Rule of 72
Have you always wanted to be able to do compound interest problems in your head?
Perhaps not... but it's a very useful skill to have because it gives you a lightning fast benchmark to determine how good (or not so good) a potential investment is likely to be.
The rule says that to find the number of years required to double your money at a given interest rate, you just divide the interest rate into 72.
For example, if you want to know how long it will take to double your money at eight percent interest, divide 8 into 72 and get 9 years.
Y = 72 / r and r = 72 / Y
where Y and r are the years and interest rate, respectively.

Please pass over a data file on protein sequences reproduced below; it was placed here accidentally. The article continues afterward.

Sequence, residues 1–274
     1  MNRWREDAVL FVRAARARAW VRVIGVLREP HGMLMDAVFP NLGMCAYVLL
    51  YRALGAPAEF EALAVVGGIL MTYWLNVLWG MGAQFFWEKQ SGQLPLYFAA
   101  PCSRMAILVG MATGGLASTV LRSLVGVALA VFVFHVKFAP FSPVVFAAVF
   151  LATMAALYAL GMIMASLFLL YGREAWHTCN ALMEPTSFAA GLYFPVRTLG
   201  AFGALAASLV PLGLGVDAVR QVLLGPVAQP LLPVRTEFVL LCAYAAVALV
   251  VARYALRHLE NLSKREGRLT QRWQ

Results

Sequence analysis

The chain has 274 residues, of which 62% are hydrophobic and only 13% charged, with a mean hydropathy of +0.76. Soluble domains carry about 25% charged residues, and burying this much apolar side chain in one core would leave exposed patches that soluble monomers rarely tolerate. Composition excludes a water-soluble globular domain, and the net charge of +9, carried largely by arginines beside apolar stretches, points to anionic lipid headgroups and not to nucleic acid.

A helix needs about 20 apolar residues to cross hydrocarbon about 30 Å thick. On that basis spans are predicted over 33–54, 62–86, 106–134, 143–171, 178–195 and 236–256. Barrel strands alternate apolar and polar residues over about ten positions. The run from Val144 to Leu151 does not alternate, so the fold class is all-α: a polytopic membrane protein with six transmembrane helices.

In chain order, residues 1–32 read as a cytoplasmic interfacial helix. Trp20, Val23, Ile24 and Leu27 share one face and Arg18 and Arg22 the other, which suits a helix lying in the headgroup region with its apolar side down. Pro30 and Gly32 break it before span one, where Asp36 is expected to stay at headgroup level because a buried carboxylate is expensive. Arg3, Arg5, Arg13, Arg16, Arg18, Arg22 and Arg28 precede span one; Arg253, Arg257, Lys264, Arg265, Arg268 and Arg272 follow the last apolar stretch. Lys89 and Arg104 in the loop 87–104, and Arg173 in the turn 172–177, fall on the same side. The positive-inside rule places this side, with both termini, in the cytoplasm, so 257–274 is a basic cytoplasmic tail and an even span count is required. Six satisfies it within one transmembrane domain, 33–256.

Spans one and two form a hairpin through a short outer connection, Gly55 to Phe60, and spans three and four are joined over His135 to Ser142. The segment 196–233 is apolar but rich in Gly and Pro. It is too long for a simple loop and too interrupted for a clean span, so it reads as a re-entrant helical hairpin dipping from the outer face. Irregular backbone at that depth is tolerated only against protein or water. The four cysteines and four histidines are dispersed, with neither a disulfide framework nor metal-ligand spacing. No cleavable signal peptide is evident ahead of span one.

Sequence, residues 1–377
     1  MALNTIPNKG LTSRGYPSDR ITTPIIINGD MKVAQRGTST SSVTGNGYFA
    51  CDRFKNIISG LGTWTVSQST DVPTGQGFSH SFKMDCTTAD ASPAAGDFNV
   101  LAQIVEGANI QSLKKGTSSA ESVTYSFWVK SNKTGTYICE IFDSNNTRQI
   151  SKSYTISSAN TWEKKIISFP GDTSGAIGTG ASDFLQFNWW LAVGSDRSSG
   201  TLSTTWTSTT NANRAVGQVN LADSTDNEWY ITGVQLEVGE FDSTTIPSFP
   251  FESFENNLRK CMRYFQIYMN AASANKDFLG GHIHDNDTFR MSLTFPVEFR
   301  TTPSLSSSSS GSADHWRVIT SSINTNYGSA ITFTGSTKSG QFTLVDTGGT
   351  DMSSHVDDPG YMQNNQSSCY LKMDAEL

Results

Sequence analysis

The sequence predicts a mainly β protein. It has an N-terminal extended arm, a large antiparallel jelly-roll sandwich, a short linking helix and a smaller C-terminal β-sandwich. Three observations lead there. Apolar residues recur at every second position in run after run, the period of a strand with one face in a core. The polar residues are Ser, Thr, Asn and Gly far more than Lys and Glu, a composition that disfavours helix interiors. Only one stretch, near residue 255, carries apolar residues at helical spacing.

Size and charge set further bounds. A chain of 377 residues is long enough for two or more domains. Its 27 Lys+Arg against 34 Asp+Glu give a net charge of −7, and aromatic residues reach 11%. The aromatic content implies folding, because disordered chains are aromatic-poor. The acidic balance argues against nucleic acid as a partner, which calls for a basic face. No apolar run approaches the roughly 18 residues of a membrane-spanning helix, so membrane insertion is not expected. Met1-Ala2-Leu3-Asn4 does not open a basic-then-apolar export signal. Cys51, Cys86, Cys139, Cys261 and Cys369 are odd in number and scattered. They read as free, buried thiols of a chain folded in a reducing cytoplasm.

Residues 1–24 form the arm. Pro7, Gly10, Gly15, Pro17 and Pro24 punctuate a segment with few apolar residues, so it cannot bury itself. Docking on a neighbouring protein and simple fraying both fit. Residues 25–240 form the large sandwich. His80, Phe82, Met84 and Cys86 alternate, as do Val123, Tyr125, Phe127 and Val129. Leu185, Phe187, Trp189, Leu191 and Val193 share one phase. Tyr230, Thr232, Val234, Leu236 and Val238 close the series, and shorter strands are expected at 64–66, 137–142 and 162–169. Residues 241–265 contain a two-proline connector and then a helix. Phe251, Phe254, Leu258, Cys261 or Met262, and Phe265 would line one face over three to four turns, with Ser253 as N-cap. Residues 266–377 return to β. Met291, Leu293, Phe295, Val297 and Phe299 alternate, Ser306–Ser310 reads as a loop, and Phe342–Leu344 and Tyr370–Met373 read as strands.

Compound Interest Curve
Suppose you invest $100 at a compound interest rate of 10%.
The rule of 72 tells you that your money will double every seven years, approximately:
Years  Balance  
Now  $100  
7  $200  (doubles every 
14  $400  seven years) 
21  $800  
If you graph these points, you start to see the familiar compound interest curve:
Practice using the Rule of 72
It's good to practice with the rule of 72 to get an intuitive feeling for the way compound interest works.
So...
Why Stop at a Double?
There's nothing sacred about doubling your money.
You can also get a simple estimate for other growth factors, as this calculator shows:
Why Does the Rule of 72 Work?
If you want to know more, see this explanation of why the rule of 72 works.
(Brace yourself, because it's slightly geeked out.)